Freedom of the individual seems to be A Good Thing, a campaigning issue around which a broad consensus can gather and agree. So the group calling itself Big Brother Watch (BBW), which claims to be “freeing the individual”, seems on the face of it to make a positive contribution to the debate over the potential intrusiveness of Government into our lives.
But then one sees the other side of the strapline, “shrinking the state”, and the thought enters that this sounds very much like our old friends at the so-called Taxpayers’ Alliance (TPA). And that is no mere coincidence: BBW has its offices at the same address, 55 Tufton Street SW1, as the TPA. And it is headed by the same person: step forward Matthew “Gromit” Elliott.
Where have we seen this building before?
So it is no surprise that the targets of BBW are all part of that Government that the TPA seeks to demonise. Indeed, BBW concedes that it is “a campaign from the founders of the TPA”. And the two share not only Elliott, but Dominique Lazanski – and Maria Fort, who was one of those sent from London to Ashton-under-Lyne to campaign for the TPA recently, works for BBW.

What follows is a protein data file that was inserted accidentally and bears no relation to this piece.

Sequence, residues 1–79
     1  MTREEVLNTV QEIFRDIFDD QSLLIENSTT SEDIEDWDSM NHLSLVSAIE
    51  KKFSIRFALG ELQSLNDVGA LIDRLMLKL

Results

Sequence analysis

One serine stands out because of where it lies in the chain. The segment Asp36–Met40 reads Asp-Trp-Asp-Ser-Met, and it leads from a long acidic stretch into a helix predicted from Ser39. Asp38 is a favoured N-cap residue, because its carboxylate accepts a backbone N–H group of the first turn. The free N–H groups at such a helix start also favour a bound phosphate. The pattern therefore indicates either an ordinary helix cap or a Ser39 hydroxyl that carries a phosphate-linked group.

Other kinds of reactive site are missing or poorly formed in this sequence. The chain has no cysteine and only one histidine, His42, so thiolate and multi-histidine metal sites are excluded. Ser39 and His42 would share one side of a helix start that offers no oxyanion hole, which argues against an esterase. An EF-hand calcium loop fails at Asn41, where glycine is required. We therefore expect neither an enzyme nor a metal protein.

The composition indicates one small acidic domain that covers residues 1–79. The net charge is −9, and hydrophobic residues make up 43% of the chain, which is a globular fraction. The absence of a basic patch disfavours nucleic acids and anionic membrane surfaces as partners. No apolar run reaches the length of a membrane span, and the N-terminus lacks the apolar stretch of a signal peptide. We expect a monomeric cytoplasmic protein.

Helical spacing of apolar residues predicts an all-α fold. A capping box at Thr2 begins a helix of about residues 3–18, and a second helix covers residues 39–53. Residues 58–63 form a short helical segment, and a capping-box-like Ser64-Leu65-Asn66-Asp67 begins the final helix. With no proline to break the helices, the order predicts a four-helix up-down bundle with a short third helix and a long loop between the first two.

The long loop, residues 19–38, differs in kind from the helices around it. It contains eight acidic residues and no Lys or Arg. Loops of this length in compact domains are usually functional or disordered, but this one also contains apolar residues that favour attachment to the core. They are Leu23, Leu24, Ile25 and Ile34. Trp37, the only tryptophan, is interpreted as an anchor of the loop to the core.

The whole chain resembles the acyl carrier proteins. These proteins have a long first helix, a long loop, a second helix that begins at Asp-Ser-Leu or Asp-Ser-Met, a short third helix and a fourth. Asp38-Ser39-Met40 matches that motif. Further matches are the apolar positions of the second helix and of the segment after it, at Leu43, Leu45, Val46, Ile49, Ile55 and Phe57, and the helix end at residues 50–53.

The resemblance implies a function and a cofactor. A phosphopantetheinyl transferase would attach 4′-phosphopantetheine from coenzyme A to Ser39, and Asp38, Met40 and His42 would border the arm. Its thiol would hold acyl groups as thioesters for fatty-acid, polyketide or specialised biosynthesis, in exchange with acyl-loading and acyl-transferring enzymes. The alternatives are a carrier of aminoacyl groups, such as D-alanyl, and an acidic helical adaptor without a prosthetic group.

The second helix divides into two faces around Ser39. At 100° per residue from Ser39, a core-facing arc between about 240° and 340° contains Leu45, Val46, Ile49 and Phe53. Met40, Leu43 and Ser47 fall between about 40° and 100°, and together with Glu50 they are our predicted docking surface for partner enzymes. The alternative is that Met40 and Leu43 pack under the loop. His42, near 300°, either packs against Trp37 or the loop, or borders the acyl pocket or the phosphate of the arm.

And this is why BBW campaigns for individual freedom only where Government is involved: there is no mention of private security firms overstepping their powers, no urging that supermarkets cease their frankly paranoid approach to anyone caught writing down prices, and no move against owners of shopping centres who proscribe photography or impose dress codes.
Indeed, BBW talk of being “a force to help a future Government roll back a decade of state interference in our lives”, as if “state interference” is the only kind of restraint on personal freedom. And those commending BBW are an interesting bunch, which includes Telegraph hack Ed “Case” West, the man from NO2ID, and someone from that beacon of accurate and impartial reportage The Register.
And who funds BBW? That, sadly yet predictably, is not told. But that this organisation moves in lockstep with the TPA in using its resources to demonise Government, along with public service and public works, is clear.
[The photograph of 55 Tufton Street will be featuring again in a blog post of its own – very soon]